Critics say Poland's ruling party is creating a mechanism that would allow it to mobilise legal apparatus against political opponents.
Poland's lawmakers voted on Friday to approve a divisive law on Russian influence criticised by the European Union and the US.
There are fears the law, proposed in May by Poland's ruling right-wing Law and Justice party (PiS) could be used to target the political opposition.
When it takes effect, it will create a powerful committee of experts who can investigate alleged Russian interference in Poland and name politicians who allegedly allow it.
The committee could then bar those concerned from holding public positions.
However, critics say it is primarily targeting former Prime Minister Donald Tusk, who is expected to stand in a parliamentary election later this year.
PiS accuses Tusk of having been too friendly toward Russia and President Vladimir Putin as PM between 2007 and 2014 and striking gas deals favourable to Moscow.
Tusk later went to Brussels to be the president of the European Council between 2014 and 2019. He and PiS leader Jarosław Kaczyński are longtime political rivals.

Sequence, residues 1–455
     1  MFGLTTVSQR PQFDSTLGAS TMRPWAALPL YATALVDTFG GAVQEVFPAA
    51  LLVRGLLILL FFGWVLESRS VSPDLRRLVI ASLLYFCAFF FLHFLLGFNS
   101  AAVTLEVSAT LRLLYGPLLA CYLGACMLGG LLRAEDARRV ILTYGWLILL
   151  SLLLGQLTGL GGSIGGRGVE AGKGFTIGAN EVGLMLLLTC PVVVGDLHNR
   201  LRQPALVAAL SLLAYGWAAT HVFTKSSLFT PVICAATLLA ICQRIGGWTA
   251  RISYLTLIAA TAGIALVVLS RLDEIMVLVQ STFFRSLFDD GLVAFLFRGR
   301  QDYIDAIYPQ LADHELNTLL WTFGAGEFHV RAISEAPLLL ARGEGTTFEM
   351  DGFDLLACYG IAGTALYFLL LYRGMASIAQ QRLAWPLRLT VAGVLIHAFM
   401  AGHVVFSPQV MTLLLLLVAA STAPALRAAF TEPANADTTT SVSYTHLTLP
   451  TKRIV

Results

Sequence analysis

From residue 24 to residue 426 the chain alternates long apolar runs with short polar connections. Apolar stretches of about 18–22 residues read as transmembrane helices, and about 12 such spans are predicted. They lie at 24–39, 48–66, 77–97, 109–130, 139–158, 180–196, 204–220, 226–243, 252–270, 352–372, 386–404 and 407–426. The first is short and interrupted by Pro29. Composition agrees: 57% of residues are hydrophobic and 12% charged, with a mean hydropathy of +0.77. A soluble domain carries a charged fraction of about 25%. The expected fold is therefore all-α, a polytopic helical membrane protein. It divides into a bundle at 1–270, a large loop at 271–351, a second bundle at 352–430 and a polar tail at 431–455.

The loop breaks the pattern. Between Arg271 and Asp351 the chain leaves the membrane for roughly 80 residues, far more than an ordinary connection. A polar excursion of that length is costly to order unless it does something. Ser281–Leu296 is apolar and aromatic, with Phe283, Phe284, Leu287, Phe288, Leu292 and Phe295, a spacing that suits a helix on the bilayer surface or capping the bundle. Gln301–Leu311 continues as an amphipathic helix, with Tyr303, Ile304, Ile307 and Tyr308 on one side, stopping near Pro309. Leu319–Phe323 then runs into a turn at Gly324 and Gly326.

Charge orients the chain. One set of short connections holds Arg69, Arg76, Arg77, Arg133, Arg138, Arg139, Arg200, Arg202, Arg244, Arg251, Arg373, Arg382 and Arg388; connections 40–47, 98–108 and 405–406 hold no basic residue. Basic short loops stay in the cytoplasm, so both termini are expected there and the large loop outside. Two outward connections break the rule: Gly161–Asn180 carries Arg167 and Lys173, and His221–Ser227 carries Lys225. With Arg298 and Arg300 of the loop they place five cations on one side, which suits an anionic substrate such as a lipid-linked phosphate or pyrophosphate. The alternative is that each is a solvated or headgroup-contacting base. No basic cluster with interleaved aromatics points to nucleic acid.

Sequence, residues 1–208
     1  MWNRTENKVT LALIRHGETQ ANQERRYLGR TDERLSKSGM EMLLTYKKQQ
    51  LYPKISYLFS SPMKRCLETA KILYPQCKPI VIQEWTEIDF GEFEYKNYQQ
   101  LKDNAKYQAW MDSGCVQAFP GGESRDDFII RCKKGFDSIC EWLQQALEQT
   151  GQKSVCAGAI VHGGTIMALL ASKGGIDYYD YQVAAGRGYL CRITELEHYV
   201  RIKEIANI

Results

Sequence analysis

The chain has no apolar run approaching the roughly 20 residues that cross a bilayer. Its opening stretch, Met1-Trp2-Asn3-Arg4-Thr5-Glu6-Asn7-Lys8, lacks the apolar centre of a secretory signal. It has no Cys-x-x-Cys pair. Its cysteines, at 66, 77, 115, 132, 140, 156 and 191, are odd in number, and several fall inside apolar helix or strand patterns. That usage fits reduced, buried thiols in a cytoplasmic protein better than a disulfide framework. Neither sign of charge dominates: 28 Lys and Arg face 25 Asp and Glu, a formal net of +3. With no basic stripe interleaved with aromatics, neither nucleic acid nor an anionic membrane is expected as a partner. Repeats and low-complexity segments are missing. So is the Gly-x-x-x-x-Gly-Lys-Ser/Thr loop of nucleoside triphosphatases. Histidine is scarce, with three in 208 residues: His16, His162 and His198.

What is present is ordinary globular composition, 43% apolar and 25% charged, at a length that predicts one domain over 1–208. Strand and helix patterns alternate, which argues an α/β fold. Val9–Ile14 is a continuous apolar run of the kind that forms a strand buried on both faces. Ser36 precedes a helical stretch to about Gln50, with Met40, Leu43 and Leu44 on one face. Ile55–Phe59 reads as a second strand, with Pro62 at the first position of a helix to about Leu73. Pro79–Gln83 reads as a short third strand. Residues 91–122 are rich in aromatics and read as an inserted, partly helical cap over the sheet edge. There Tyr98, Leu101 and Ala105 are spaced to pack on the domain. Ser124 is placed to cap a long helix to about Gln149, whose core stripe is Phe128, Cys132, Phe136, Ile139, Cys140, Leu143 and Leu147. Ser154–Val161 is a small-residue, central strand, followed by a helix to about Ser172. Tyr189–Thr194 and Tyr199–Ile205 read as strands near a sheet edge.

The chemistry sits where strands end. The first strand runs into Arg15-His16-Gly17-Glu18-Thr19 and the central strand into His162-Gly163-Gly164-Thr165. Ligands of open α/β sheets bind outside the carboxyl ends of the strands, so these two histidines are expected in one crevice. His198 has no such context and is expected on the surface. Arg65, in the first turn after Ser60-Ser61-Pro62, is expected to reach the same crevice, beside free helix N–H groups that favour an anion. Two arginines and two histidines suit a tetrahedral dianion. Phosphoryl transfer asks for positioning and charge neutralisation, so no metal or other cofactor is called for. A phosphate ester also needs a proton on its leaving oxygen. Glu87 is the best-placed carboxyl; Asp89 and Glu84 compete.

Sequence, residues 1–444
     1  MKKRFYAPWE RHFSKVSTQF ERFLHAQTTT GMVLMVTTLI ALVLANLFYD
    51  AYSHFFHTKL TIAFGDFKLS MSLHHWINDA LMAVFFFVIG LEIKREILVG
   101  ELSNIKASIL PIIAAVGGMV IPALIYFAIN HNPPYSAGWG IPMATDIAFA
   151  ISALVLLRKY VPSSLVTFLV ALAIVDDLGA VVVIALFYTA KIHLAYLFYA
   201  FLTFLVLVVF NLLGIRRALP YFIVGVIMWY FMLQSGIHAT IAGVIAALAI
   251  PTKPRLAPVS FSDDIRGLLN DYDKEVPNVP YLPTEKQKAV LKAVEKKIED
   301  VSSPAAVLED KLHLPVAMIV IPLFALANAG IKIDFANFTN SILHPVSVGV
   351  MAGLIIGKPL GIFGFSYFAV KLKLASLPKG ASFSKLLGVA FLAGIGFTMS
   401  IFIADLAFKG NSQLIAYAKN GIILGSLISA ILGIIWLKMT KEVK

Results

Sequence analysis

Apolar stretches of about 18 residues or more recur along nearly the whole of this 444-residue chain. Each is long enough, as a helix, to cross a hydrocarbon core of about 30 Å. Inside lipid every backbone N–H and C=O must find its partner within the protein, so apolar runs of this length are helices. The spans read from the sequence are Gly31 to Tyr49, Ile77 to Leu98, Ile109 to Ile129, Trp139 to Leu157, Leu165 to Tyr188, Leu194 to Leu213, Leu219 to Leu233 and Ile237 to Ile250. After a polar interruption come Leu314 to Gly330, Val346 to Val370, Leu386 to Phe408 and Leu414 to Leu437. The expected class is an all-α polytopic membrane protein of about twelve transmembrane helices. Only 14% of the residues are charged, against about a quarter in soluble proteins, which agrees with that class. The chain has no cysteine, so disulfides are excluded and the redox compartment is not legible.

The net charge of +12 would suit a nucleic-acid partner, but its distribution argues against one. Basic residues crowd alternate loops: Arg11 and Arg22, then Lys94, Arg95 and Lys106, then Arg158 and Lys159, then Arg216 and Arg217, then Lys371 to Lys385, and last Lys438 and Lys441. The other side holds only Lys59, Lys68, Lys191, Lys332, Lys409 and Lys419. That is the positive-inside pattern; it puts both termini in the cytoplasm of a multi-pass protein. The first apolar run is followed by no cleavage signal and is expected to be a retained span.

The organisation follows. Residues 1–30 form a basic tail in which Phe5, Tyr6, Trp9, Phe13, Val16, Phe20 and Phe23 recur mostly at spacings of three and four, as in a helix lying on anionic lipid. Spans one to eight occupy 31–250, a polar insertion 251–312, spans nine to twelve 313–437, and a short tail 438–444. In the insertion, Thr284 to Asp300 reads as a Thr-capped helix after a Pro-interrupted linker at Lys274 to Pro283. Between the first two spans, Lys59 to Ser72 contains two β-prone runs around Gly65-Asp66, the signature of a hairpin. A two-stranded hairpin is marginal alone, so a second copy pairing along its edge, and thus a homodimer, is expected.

Following criticism, President Andrzej Duda proposed urgent amendments to the law to tone it down.
Poland's lower house (Sejm) voted 235-214 with four abstentions to reject the Senate's veto to the draft law amended by Duda. The legislation now requires Duda's signature to take effect.
The amended bill calls for a commission to check whether between 2007 and 2022 politicians have taken decisions under Russia's influence that could threaten Poland's security.
Duda claims it is needed for transparency's sake and to prevent Russia from jeopardising Poland's future stability.
The US State Department and EU authorities strongly criticised the law in its first version and expressed concerns about its implications for democracy in Poland.
The PiS's encroachments on the independence of the judiciary have raised international alarm in recent years.